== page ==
top

Another 1930s re-pro pattern from EvaDress, I made these up a few months ago but finally got around to documenting them. I had started the blouse (not enough of the lovely rayon for a whole dress) ages ago, but the sleeve pleats got the better of me and then I got busy with other things. Once I’d figured them out though, I’m in love with the look.

EvaDress 1934 Frock

As I had an occasion to wear it, I finished the blouse and made up the lower portion of the pattern in a similar green coloured mystery fabric I picked up second hand.

EvaDress 1934 Frock (as separates) by HLB

EvaDress 1934 Frock (as separates) by HLB. Back view.

Cutting out the blouse and getting it to do what i wanted was a bit of a challenge. It’s a buttery rayon with lovely drape but frays terribly at the edges and slinks around when you try to sew it. I pinned it to within an inch of its life and took the time to hand baste as well as hand hem the bottom edge/ties, collar and  sleeve edges. Time consuming but a nice neat finish.

Sleeve detail. Self covered button and pleating.

Most people thought it was a dress when worn together, but I actually like that I can mix and match it. For another event I made a shorter black rayon skirt with side godets for dancing in.

EvaDress 1934 Frock (blouse) with self drafted skirt by HLB

I’ll definitely be making this up again with some strategic alterations. As always, do check out the full post on the blog.

~Heather

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my first edition

And my first 40′s  sewing !!!  So I have a challenge, make a sailor outfit with patterns from XXI era….

I hope I made a sucess

 

 

 

A skirt from Colette’s pattern and a top from New look…

 

 

It was a really pleasure to sew it and now to wear it

See more pictures on my blog 

 

 

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In my attempt to keep up with recent goals of making things for myself and also using my vintage pattern stash, I chose this 1965 blouse pattern – View 4:

1965 Simplicity 5885

This was my first button backed top pattern. I like the idea, but honestly I’m not sure why this was so popular, as doing it up yourself is a little challenging – and that’s without wearing a girdle as most likely you would be in this era. I cannot imagine having to do up more than 4 buttons this way without a ladies’ maid.

Modified Simplicity 5885 (1965)

Modified Simplicity 5885 (1965) Back view.

The collar was of course very high and tight, so I lowered it in the front to make it more comfortable. I also took in the side seams a little to give the blouse some shape. It’s actually a pretty boxy design – ok if paired with a nipped waist skirt, but I wanted to be able to wear it untucked as well. The nice thing about making up new garments from vintage patterns is that I don’t feel guilty when making alterations! The nearly finished version of this blouse was relegated to the UFO pile for months awaiting a solution to the excessive ease issue that did not involve completely re-making it. See the ‘before’ pics on the original post here.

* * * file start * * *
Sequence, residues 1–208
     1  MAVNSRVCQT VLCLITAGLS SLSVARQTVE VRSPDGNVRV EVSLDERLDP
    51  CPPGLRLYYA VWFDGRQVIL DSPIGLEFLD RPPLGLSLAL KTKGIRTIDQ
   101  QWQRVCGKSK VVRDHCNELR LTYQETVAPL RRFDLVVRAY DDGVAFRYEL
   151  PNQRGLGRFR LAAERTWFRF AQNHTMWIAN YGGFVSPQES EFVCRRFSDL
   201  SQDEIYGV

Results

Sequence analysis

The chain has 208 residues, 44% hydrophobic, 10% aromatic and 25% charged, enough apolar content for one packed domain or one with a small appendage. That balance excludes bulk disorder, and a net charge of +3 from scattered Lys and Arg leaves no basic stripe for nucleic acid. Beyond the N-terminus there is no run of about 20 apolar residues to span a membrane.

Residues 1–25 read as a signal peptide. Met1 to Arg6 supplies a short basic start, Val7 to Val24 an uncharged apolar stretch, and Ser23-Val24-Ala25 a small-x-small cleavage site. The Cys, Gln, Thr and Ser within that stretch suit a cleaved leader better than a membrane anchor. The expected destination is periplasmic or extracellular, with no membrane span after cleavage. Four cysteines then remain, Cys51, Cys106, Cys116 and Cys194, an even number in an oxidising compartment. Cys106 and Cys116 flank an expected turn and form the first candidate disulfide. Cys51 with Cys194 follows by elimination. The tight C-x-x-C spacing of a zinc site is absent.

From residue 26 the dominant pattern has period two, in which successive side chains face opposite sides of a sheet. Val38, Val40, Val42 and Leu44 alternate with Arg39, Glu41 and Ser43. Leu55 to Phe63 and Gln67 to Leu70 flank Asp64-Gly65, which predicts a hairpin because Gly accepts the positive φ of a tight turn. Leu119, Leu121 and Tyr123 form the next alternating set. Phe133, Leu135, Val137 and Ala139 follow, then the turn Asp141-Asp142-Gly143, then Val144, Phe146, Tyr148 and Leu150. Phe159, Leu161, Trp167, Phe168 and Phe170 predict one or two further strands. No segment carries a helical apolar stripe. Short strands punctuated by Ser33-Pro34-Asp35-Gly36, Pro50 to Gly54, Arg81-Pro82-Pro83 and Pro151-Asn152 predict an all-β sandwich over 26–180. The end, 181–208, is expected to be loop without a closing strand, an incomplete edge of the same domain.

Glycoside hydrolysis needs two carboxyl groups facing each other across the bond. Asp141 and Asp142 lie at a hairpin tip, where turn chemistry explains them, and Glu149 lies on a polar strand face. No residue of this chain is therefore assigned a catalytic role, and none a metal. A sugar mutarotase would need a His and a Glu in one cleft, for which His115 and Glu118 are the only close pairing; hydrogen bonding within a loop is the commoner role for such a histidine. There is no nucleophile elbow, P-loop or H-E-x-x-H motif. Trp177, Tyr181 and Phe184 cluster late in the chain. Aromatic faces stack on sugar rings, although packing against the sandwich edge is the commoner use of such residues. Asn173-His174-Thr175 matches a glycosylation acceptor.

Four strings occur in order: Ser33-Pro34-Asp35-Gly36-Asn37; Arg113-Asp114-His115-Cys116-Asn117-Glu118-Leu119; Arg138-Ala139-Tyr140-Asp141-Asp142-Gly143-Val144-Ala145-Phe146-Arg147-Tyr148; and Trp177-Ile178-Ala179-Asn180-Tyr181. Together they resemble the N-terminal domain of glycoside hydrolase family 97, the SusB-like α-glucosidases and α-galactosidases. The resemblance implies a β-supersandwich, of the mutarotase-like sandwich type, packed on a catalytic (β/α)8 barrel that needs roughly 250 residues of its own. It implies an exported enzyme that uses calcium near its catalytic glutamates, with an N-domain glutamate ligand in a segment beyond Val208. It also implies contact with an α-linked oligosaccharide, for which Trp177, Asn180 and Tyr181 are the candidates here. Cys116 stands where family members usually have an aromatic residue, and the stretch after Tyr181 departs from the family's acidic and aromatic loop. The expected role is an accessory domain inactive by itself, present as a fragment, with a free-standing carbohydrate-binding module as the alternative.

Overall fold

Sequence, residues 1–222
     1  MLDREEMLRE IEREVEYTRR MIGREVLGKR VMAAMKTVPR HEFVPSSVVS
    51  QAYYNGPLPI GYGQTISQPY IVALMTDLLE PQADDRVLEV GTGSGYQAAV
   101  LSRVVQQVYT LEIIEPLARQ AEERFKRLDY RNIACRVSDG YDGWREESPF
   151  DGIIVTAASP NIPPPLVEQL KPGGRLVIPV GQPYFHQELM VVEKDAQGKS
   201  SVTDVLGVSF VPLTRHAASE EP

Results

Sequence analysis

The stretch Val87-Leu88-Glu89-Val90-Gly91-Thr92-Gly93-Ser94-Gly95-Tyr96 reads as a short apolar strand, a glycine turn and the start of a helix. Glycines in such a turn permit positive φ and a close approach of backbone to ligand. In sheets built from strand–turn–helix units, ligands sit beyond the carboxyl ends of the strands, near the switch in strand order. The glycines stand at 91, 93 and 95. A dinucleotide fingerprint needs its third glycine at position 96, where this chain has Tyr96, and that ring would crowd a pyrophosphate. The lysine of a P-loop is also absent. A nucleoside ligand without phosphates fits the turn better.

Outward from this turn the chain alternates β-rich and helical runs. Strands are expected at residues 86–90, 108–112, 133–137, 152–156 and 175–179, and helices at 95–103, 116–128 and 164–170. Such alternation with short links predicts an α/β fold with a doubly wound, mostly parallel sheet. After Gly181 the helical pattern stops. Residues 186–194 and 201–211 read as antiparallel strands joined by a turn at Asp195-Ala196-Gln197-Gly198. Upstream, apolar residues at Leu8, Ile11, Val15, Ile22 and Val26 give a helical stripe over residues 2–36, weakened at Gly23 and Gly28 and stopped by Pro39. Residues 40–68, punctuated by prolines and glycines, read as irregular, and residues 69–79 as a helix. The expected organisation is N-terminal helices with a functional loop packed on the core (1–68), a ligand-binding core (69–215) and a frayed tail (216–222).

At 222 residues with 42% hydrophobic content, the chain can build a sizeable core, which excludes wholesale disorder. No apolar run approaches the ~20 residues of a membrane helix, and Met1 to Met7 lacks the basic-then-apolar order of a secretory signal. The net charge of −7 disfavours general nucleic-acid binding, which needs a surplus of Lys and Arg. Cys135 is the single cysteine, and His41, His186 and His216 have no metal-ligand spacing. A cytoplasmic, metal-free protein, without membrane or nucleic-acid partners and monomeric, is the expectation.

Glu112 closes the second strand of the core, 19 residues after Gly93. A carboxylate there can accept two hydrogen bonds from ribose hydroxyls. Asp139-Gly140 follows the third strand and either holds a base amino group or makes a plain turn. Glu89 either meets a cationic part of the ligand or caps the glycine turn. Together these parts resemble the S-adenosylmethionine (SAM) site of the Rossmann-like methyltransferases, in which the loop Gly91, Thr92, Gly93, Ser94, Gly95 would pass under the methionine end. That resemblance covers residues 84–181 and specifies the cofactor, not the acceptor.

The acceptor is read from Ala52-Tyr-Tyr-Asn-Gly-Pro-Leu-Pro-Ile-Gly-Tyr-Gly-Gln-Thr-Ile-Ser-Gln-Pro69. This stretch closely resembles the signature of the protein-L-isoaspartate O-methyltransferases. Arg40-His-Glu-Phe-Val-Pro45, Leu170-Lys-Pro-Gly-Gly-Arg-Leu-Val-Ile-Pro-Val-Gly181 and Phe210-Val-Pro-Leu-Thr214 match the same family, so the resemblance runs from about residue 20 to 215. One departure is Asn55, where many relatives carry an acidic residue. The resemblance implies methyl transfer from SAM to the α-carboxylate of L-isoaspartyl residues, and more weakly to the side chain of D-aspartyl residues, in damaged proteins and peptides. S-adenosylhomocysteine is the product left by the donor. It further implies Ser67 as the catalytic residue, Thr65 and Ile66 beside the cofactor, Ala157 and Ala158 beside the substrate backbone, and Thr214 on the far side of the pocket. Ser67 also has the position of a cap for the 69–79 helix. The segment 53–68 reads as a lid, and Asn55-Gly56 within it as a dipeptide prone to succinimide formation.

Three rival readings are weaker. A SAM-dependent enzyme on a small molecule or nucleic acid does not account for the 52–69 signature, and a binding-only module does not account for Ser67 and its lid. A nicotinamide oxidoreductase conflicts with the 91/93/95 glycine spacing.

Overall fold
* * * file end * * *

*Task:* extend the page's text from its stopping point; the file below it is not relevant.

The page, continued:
Simplicity 5885 Modified centre front with pin tucks.

Simplicity 5885 with a skirt.

In the end, I ended up having to remove the collar tabs and most of the neckline facing. I took about an inch out of the centre front by way of pin tucks, which also help give it a nicer line. I also extended the back shoulder darts down to the waist to help pull it in a bit more. It’s still a little on the boxy side, and if I make it again I’ll be sure to grade the whole thing down from the start. It does improve the look to wear it with a skirt or high waist pants. In the meantime, I’m planning to try out some other quick tops for summer from the vintage pattern stash.

~Heather

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Just sneaking my last bit of vintage sewing into the end of 2013 – some basic women’s summer tops using Simplicity 2118 (circa late 1950s).

 

 

 

 

 

 

 

 

 

 

 

 

 

 

 

 

 

This is what the pattern sleeve looks like – I went with View 1. Apparently they are bra tops – I couldnt image wearing this as a bra!

 

 

 

 

 

 

 

 

 

 

 

 

 

 

 

I didnt realise how versatile this pattern was until I made it up – it only takes an hour or so, and uses under 1.5m of fabric.

The pattern has plenty of ease, and I didnt need to do a FBA to size up  like I would normally (I have a 39 inch bust, the pattern is for a 38 inch).

The golden rod fabric I used is a new quilter’s homespun (mercerized cotton) from Spotlight here in Australia. It’s got a really nice polished feel to it, and comes in some fab retro colour ways.

I made it again in black poplin for my Christmas Day outfit, plus a 1940′s tablecloth turned into a skirt.

I would recommend this pattern if you can get your hands on it; easy, versatile and a great wardrobe builder.

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